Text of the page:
My 11-year-old complained to me that his mathematics teacher tells them things without proof. This made me realize that the sorts of things that he mentioned as given without proof--say, the distributive law and maybe some facts about prime factorization (maybe the Fundamental Theorem of Arithmetic? I can't remember)--were things that somehow no one ever showed me a proof of, either, despite getting an undergraduate degree in mathematics and then a PhD. So I can't just say: "Hold on, one day they will give you the proof of this."

## 3 comments:

Maybe, “One day, you will be given enough tools to be able to prove this for yourself or at least to follow a proof that you can find online somewhere”?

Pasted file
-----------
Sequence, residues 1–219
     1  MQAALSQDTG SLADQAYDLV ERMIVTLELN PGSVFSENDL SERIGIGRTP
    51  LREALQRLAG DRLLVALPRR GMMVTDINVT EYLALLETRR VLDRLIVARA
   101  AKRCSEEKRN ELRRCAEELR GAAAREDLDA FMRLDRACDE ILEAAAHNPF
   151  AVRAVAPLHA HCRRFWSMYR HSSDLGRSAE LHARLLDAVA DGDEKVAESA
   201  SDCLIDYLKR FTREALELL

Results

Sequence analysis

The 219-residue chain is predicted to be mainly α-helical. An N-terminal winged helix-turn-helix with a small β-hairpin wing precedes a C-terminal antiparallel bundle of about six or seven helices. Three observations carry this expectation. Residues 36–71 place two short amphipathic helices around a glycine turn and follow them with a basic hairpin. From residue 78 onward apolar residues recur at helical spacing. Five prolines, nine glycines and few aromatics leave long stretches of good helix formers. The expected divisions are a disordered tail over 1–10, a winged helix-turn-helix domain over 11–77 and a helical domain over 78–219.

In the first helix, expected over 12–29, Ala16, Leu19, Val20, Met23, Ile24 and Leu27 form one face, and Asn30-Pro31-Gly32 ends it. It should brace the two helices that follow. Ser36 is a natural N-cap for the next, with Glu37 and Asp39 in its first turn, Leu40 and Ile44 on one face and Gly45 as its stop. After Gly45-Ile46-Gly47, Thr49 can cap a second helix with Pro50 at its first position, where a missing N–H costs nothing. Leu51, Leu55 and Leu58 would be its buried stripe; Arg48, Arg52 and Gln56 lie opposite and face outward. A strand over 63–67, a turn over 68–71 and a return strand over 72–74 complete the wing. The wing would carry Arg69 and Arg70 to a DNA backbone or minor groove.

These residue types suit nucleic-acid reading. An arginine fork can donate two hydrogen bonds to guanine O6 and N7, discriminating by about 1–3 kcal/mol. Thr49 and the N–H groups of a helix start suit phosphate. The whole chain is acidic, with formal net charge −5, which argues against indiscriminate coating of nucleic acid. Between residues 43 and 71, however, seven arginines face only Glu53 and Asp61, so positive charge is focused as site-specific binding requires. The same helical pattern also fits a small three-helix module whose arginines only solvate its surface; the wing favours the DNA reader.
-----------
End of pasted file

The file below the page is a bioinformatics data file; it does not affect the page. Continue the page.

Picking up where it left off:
True, though several years down the road one might forget that one hasn't seen the proof yet, and hence fail to seek it out.

I did tell him that there are axiomatizations of arithmetic that make the distributive law an axiom. But he prefers axiomatizations that use simpler principles. He's got good taste .

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